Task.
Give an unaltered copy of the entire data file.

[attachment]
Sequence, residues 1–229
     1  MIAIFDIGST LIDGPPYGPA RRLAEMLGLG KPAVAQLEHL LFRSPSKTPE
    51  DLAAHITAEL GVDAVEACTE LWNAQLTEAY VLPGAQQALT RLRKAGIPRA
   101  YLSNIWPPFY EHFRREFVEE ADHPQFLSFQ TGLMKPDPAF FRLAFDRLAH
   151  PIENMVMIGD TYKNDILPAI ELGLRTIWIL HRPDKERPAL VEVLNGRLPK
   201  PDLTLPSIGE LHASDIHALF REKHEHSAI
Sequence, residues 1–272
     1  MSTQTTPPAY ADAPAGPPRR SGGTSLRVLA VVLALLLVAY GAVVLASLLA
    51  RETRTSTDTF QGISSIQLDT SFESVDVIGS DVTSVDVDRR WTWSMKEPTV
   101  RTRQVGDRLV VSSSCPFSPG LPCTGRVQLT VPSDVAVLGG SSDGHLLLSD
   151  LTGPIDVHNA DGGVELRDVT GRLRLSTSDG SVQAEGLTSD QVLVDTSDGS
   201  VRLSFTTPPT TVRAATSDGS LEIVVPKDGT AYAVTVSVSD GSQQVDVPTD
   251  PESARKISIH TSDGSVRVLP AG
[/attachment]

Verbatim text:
Sequence, residues 1–229
     1  MIAIFDIGST LIDGPPYGPA RRLAEMLGLG KPAVAQLEHL LFRSPSKTPE
    51  DLAAHITAEL GVDAVEACTE LWNAQLTEAY VLPGAQQALT RLRKAGIPRA
   101  YLSNIWPPFY EHFRREFVEE ADHPQFLSFQ TGLMKPDPAF FRLAFDRLAH
   151  PIENMVMIGD TYKNDILPAI ELGLRTIWIL HRPDKERPAL VEVLNGRLPK
   201  PDLTLPSIGE LHASDIHALF REKHEHSAI
Sequence, residues 1–272
     1  MSTQTTPPAY ADAPAGPPRR SGGTSLRVLA VVLALLLVAY GAVVLASLLA
    51  RETRTSTDTF QGISSIQLDT SFESVDVIGS DVTSVDVDRR WTWSMKEPTV
   101  RTRQVGDRLV VSSSCPFSPG LPCTGRVQLT VPSDVAVLGG SSDGHLLLSD
   151  LTGPIDVHNA DGGVELRDVT GRLRLSTSDG SVQAEGLTSD QVLVDTSDGS
   201  VRLSFTTPPT TVRAATSDGS LEIVVPKDGT AYAVTVSVSD GSQQVDVPTD
   251  PESARKISIH TSDGSVRVLP AG